Press Release: May 3rd, 2015
Jessye Stein, firstname.lastname@example.org , 605-223-5930
Manape LaMere (712)-204-0570
Omaha, NE – On April 24th, dozens of Native and Non-Native runners, primarily youth, set forth from Cannonball, ND, on the Standing Rock Sioux tribe reservation, to embark on a 500-mile relay run to Omaha, NE. Their goal was to deliver a message to the Army Corp of Engineers that they “resist the construction of the Dakota Access pipeline from crossing beneath sacred water [the Missouri River] needed for life.” Today, that group which goes by the name “People Over Pipelines”, accomplished that goal.
The proposed Dakota Access Pipeline, backed by Texas based Energy Transfer Partners, is a 1,168-mile, 30-inch diameter pipeline that would carry Bakken crude from western North Dakota to a distribution hub Illinois on route for refinement in the Gulf Coast.
If built, the Dakota Access Pipeline would transport as much as 450,000 barrels of oil per day with a future capacity of 570,000 barrels per day.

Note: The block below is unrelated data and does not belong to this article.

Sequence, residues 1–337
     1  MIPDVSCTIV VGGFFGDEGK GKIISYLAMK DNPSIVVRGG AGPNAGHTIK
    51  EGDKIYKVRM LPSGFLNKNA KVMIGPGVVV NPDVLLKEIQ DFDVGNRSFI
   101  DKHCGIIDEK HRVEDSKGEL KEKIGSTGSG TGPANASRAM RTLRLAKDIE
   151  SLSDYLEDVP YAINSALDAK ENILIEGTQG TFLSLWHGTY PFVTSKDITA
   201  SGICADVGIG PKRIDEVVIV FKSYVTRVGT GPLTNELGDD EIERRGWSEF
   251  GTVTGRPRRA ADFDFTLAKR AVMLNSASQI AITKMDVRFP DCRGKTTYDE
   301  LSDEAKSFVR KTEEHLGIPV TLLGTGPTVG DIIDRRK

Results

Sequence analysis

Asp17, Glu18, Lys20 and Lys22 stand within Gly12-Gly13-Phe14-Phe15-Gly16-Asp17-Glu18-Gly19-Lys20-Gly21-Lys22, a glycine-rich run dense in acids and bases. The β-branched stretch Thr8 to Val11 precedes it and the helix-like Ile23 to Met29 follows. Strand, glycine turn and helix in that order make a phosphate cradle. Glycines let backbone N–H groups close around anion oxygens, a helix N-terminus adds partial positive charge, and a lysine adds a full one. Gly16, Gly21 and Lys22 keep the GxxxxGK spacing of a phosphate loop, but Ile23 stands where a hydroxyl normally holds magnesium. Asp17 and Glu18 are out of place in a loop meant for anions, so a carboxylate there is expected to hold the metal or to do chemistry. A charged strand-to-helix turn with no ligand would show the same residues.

“As we our approaching the end of our journey, I am honored to have witnessed native and non-native people come together to protect our Unci Maka (Mother Earth). proving it doesn’t matter where we come from, or what our ethnic background is.”, states Bobbi Jean Three Legs, lead run coordinator. “We all need water to live. This journey has taught me a lot about ourselves as humanity overall. The best part was the prayers and the faces of generations we seen. We reminded them we are here and that we do care what our future holds.”
“This black snake that is threatening our water is going to affect everyone using the Missouri River south of where they intend to establish it. Should it fail, it will poison our water and we won’t ever be able to drink, bathe, or cook with it again. Everything our ancestors ever fought for will almost be for nothing.” -states Shayla Gayton (Lakota) relay runner
Runners will present a petition to the Army Corps of Engineers opposing the Dakota Access Pipeline and calling for a rejection of its permit. The letter can be read here: http://wp.me/p53nUw-mV
“Sičháŋǧu, Oglála, Itázipčho, Húŋkpapȟa, Mnikȟówožu, Sihásapa, Oóhenuŋpa, Isanti, Omaha, Meskwaki and Winnebago through unity of the people brought prayers, awareness and a huge impact by running 500 miles to the Army Corp of Engineers [ACOE] headquarters to say no to the Dakota Access Pipeline.” ~Waniya Locke
For more information go to: http://www.mynewsletterbuilder.com/email/newsletter/1412613446
*Cover photo by Jewell Parker